Independent of their localization in protein the hydrophobic amino acid residues have no effect on the molten globule state of apomyoglobin and the disulfide bond on the surface of apomyoglobin stabilizes this intermediate state.

Melnik TN, Majorina MA, Larina DS, Kashparov IA, Samatova EN, Glukhov AS, Melnik BS - PLoS ONE (2014)

Urea induced equilibrium unfolding of apomyoglobin mutants.Equilibrium unfolding of apomyoglobin (WT) and its mutant forms m2 – A15S, A19S; m3 - A15S, A19S, V21T; m4 – L9D, A15S, A19S, V21T; m6 – L9D, A15S, A19S, V21T, V66T, A74S) measured with the method of Trp fluorescence. Native state population was calculated as a normalized value of the relation of fluorescence intensities at wavelengths of 320 nm and 380 nm (I320/I380).
© Copyright Policy
Related In: Results  -  Collection

License
Show All Figures
getmorefigures.php?uid=PMC4043776&req=5

pone-0098645-g004: Urea induced equilibrium unfolding of apomyoglobin mutants.Equilibrium unfolding of apomyoglobin (WT) and its mutant forms m2 – A15S, A19S; m3 - A15S, A19S, V21T; m4 – L9D, A15S, A19S, V21T; m6 – L9D, A15S, A19S, V21T, V66T, A74S) measured with the method of Trp fluorescence. Native state population was calculated as a normalized value of the relation of fluorescence intensities at wavelengths of 320 nm and 380 nm (I320/I380).
Mentions: The kinetics of refolding for all mutant forms of apomyoglobin were measured and the populations of the molten globule state were calculated. Fig. 3 shows dependencies of populations fI of the molten globule state versus urea concentration for all mutant forms of apomyoglobin with substitutions of hydrophobic amino acid residues on the protein surface and in its hydrophobic core. Table 1 lists values of urea concentration corresponding to the midpoint of transition MG↔U (Cm,MG↔U) for wild type apomyoglobin (WT) and its mutant forms. As can be seen, none of these substitutions have effect on the stability of the molten globule state. But all mutations change the stability of the native state of apomyoglobin. This can be concluded from the curves of equilibrium unfolding of the mutant forms of apomyoglobin. Fig. 4 demonstrates the curves of equilibrium unfolding for the four mutant proteins with substitutions of hydrophobic amino acid residues on the surface of apomyoglobin. The equilibrium unfolding study of the mutant forms of apomyoglobin with amino acid residue substitutions in the protein hydrophobic core was described in detail in our previous study [15], [48]–[49]. It should be noted that urea-induced equilibrium unfolding curves of apomyoglobin represent three-state transition [1]. This means that transition from native state N to unfolded state U contains two transitions N↔MG and MG↔U, which cannot be separated. Table 1 lists the data on equilibrium unfolding of the mutant forms of apomyoglobin with hydrophobic residue substitutions both on the protein surface and in its hydrophobic core. Table 1 shows that the urea concentration values corresponding to the midpoint of equilibrium unfolding Cm,N↔U differ for all mutant forms of apomyoglobin, and it is seen that all studied mutations destabilized transition N↔U. The urea concentration values corresponding to the midpoint of population of the molten globule state Cm,MG↔U are the same within the error. Thus, all the studied hydrophobic amino acid residue substitutions affected the native state of apomyoglobin to a different extent, but did not change the stability of the molten globule state. As Cm,N↔U is dependent on two transitions (N↔MG and MG↔U), the fact that for some mutants, e.g. L61A, m4 and m6, the Cm,N↔U values calculated from equilibrium unfolding (fig. 4), are lower than the Cm,MG↔U values calculated from population curves (Fig. 3) means that the transition from native state N to molten globule state MG proceeds at urea concentrations much lower than those upon transition from molten globule state to unfolded state U. This circumstance is not surprising and is observed for many proteins the unfolding of which results in accumulation of intermediate states. In other words, when the denaturant concentration increases, the protein first passes from native state N to intermediate state I, and then from intermediate state I to unfolded state U. It is evident that transition N↔I is less stable than transition I↔U. This takes place, for example, in some mutant forms of apomyoglobin studied in detail [11] as well as in carboxyanhydrase [14], lipase [50] and other proteins [51], [52].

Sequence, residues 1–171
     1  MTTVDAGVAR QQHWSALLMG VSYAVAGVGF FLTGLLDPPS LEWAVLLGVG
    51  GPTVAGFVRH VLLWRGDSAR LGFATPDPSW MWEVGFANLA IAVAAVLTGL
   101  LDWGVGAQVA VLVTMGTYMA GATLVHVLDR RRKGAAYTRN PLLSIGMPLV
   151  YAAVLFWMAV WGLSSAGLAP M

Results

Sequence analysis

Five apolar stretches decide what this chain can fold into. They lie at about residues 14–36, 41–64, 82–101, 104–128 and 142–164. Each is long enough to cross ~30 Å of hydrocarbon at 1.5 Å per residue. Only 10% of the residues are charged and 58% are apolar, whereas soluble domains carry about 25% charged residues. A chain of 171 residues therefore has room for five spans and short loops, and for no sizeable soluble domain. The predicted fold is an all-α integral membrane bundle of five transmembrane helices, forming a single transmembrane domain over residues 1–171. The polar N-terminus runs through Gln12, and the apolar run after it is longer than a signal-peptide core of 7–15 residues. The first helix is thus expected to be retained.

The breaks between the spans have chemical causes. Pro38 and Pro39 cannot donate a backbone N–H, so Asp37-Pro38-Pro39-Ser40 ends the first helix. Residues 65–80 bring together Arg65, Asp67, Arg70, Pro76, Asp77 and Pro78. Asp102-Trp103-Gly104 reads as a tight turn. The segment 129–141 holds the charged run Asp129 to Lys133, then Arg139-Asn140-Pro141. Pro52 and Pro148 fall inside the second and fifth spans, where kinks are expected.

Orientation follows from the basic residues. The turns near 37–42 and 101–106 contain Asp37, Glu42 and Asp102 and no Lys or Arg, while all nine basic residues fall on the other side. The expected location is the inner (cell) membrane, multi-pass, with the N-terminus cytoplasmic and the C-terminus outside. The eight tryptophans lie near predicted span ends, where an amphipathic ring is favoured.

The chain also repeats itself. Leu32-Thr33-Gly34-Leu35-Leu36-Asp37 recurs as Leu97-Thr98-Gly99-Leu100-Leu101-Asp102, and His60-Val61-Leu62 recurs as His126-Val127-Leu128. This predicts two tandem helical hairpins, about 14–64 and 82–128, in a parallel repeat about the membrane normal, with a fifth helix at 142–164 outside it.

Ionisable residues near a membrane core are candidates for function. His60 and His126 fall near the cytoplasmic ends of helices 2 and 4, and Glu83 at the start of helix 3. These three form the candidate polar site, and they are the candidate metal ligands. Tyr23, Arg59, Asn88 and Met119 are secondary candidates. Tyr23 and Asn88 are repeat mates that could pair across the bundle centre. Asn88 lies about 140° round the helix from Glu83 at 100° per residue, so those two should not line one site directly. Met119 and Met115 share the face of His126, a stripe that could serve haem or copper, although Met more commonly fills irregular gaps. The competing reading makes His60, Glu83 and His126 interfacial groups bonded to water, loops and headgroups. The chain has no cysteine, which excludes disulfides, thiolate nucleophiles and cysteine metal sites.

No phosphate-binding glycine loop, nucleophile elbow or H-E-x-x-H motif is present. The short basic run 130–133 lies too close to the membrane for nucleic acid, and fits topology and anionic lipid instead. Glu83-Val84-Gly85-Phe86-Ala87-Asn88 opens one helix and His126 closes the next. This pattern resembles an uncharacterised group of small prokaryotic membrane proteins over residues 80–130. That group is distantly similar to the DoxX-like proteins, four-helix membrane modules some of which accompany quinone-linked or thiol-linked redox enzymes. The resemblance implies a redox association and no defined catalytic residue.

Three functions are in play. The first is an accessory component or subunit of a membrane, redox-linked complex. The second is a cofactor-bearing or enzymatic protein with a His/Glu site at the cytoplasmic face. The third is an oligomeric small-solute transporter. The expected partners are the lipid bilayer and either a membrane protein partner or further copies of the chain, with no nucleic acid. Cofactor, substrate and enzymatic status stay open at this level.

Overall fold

Bottom Line: In this study, we have investigated the effect of substitutions of hydrophobic amino acid residues in the hydrophobic core of protein and on its surface on a molten globule type intermediate state of apomyoglobin.It has been found that independent of their localization in protein, substitutions of hydrophobic amino acid residues do not affect the stability of the molten globule state of apomyoglobin.The result obtained allows us not only to conclude which mutations can have an effect on the intermediate state of the molten globule type, but also explains why the introduction of a disulfide bond (which seems to "strengthen" the protein) can result in destabilization of the protein native state of apomyoglobin.

View Article: PubMed Central - PubMed

Affiliation: Institute of Protein Research, RAS, Pushchino, Moscow Region, Russia.

ABSTRACT
At present it is unclear which interactions in proteins reveal the presence of intermediate states, their stability and formation rate. In this study, we have investigated the effect of substitutions of hydrophobic amino acid residues in the hydrophobic core of protein and on its surface on a molten globule type intermediate state of apomyoglobin. It has been found that independent of their localization in protein, substitutions of hydrophobic amino acid residues do not affect the stability of the molten globule state of apomyoglobin. It has been shown also that introduction of a disulfide bond on the protein surface can stabilize the molten globule state. However in the case of apomyoglobin, stabilization of the intermediate state leads to relative destabilization of the native state of apomyoglobin. The result obtained allows us not only to conclude which mutations can have an effect on the intermediate state of the molten globule type, but also explains why the introduction of a disulfide bond (which seems to "strengthen" the protein) can result in destabilization of the protein native state of apomyoglobin.